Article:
30 December 2017
Coming into 2018, there is plenty for the construction industry to be thinking about next year. Looking back over a difficult year for some, and picking out the obstacles that lie ahead, we will analyse what’s ahead for construction’s critical 2018.
Grenfell Tower will be permanently scarred onto the public and the industry’s consciousness after the destructive fire on the 14th of June, which has so far claimed 71 lives.
Building Regulations are broken and have to be updated, but Grenfell must also lead to a broader change in how businesses interact with the wider community. The hope is that in 2018 we will not only start to get the answers to the question about what caused the fire, but that industry will learn from the tragedy, so it never happens again.
The warning signs were there and it wasn’t the first time an incident like this has occurred. But it should provoke a lasting change in the way repairs and maintenance works, in particular, are carried out.
The first report on Grenfell from the inquiry being led by Sir Martin-Moore Bickis expected at Easter, but it will be a long time before the lessons learned can be applied to businesses operating in social housing and the wider construction industry. Media coverage of the disaster gave a clue as to how this industry continues to be viewed in the wider public. The rush to blame construction companies in the aftermath of the incident was borne out of peoples’ perceptions of this industry being entwined with negative connotations around the ‘builder’ being a ‘late, lazy, cowboy’ or whatever epithet you choose to use.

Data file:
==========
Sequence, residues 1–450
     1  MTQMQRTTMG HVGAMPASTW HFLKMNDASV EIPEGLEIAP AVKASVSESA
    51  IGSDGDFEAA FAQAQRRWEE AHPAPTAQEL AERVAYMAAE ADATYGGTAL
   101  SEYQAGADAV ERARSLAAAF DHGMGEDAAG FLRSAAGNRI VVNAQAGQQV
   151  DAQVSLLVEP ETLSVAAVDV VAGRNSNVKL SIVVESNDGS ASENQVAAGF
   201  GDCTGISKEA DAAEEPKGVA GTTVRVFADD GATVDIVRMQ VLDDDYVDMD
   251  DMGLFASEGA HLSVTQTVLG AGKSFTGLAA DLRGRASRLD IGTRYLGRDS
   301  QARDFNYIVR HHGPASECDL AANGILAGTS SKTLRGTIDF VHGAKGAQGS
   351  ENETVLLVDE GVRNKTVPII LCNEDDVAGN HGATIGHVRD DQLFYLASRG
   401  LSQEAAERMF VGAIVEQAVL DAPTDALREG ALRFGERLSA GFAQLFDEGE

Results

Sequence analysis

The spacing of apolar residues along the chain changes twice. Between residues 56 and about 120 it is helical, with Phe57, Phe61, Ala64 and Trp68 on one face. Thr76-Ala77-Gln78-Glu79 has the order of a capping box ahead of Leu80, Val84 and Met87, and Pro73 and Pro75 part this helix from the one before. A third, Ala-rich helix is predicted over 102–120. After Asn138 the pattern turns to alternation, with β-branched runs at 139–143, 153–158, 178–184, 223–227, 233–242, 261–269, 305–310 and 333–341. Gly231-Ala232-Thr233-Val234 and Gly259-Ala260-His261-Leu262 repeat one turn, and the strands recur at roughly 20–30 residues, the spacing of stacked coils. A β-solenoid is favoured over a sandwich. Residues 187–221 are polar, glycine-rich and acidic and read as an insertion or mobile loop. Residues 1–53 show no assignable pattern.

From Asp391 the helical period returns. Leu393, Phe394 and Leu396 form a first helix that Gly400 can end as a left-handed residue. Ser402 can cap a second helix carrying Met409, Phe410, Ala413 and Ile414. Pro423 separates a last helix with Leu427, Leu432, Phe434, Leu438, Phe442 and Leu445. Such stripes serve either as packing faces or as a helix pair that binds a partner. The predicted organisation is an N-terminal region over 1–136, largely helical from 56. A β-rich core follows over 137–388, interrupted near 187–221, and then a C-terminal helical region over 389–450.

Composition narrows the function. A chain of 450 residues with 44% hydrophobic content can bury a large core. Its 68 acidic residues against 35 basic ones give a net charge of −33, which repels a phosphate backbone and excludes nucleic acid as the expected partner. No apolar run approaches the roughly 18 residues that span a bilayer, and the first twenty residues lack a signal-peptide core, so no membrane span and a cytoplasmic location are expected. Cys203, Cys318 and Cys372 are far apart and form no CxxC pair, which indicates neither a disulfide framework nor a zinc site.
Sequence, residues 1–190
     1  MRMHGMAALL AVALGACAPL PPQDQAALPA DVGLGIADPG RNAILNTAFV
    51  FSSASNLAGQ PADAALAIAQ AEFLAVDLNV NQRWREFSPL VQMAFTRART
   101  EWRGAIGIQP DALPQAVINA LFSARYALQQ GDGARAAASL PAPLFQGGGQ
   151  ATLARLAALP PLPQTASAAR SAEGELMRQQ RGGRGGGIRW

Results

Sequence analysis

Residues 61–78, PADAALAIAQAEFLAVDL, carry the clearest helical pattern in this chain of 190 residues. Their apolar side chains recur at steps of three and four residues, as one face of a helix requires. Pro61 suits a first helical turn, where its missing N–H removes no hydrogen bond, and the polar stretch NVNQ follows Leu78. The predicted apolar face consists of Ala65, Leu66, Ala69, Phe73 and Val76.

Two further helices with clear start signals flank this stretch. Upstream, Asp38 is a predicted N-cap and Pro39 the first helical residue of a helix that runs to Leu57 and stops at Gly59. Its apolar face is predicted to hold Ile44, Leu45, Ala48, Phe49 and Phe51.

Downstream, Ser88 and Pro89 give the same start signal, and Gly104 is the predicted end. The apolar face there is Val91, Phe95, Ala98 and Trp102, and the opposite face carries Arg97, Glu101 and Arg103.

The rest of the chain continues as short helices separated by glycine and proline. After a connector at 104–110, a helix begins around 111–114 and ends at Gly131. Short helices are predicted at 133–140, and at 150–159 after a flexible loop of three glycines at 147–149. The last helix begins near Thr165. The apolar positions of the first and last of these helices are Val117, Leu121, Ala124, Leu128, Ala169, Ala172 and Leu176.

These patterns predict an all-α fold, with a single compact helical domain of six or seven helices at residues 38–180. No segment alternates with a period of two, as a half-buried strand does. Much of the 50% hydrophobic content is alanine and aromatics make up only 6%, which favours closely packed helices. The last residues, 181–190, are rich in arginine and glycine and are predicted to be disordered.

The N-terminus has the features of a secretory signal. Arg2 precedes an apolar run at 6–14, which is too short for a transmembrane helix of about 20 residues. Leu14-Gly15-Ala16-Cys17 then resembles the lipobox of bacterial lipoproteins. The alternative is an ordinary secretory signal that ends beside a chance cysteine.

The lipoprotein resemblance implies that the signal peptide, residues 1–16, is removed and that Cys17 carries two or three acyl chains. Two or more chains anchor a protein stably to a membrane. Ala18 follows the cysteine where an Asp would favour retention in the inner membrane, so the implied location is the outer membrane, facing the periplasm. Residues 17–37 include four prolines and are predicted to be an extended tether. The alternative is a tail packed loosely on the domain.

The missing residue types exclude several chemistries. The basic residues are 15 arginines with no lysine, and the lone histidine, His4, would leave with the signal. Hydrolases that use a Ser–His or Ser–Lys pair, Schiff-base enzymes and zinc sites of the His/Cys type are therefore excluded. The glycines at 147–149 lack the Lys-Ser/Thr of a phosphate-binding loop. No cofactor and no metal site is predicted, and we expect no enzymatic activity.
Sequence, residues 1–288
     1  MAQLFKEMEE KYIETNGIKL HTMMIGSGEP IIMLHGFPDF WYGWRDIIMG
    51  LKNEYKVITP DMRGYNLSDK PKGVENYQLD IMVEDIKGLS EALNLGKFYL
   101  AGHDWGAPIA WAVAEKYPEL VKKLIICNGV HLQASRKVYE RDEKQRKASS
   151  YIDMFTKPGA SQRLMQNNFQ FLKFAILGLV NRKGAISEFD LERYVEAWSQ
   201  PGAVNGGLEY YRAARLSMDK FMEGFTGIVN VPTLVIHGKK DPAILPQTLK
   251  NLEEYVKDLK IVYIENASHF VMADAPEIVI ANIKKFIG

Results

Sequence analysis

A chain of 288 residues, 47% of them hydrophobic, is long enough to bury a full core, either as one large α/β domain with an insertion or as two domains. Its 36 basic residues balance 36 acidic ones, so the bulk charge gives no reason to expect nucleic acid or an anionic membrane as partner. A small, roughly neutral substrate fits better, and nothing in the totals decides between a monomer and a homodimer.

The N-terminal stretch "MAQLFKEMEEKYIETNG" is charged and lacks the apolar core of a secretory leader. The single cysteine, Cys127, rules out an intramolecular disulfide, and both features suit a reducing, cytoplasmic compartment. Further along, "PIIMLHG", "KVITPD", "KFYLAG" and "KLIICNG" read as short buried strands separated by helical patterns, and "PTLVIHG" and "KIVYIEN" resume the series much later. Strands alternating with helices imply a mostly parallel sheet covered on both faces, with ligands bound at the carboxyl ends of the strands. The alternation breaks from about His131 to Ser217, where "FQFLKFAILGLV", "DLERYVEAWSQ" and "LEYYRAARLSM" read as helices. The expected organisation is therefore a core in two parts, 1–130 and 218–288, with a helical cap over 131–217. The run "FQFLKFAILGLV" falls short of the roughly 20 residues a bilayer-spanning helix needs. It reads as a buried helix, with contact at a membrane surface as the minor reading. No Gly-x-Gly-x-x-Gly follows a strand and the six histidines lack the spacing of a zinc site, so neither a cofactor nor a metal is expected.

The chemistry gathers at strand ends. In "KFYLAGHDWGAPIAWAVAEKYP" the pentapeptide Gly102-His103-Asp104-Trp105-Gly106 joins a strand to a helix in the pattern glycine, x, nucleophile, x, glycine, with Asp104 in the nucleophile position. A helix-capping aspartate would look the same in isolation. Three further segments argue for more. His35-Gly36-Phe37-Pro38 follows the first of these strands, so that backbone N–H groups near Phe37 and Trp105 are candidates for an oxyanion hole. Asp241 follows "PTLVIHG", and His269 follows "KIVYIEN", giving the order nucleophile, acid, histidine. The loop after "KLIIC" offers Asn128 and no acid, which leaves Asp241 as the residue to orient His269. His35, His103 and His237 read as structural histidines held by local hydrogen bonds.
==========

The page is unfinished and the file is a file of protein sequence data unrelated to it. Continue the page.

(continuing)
Next year has to be a defining period when these changes and some of the work being done through the construction sector deal can help to make this change.
Different iterations of government have different ways of showing their respect for the contribution the construction industry makes to the economy and wider society.
For Cameron and Osborne, it was hard hats and site visits; for Theresa May it’s been a (welcome) focus on housebuilding albeit still too much in the way of stoking demand rather than supply.
Now the message appears to be finally getting through to the central government as a whole. The construction sector deal has taken great effort by Andrew Wolstenholme in particular, while reports like ‘Modernise or Die’ by Mark Famer also appear to have had the desired effect.
None of it is rocket science. But there is enough of a groundswell of support now for a vision of what construction could look like, and it’s far removed from the present situation.
Government intervention can be a good thing. Yes, its commitment has gone off the boil after a great start on the BIM mandate for all central government contracts. But that mandate did stimulate private sector interest and investment. Advanced manufacturing, while not new, can be the next BIM.
Laing O’Rourke’s Design for Manufacture and Assembly losses and L&G’s troubles getting offsite off the ground are well known and are concerning. Perhaps Ray O’Rourke did move too early. But as one CN Summit delegate said last month, for the jobs with losses you hear about, there are many hundreds of successful ones that don’t generate the same publicity.